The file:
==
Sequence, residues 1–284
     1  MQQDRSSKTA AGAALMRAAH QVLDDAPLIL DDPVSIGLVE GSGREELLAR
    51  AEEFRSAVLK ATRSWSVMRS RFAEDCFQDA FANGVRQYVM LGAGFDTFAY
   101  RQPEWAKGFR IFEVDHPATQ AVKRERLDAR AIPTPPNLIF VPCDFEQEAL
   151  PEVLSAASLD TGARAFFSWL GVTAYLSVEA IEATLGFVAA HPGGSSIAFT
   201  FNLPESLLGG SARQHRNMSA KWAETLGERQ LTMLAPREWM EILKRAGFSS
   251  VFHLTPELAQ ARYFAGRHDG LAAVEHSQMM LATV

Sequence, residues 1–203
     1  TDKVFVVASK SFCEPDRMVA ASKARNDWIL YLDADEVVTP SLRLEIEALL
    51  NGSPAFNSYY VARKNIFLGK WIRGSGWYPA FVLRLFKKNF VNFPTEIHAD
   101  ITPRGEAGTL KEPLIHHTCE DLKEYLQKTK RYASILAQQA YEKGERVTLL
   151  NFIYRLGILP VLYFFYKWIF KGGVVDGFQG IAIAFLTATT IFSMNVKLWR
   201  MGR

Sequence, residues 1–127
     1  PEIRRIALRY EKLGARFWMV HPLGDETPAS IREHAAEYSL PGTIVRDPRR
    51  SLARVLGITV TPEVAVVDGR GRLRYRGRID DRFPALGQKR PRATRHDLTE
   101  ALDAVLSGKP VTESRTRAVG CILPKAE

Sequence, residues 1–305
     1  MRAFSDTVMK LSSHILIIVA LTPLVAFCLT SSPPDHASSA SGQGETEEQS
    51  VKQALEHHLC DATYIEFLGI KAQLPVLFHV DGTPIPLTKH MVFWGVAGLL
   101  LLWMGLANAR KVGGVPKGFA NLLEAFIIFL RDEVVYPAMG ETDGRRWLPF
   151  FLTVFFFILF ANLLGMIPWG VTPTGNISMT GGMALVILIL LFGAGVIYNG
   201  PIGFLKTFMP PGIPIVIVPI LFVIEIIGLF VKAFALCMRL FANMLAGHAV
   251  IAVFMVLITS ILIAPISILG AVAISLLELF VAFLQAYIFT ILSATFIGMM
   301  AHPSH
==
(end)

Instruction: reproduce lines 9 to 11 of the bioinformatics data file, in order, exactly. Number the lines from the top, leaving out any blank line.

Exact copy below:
     1  TDKVFVVASK SFCEPDRMVA ASKARNDWIL YLDADEVVTP SLRLEIEALL
    51  NGSPAFNSYY VARKNIFLGK WIRGSGWYPA FVLRLFKKNF VNFPTEIHAD
   101  ITPRGEAGTL KEPLIHHTCE DLKEYLQKTK RYASILAQQA YEKGERVTLL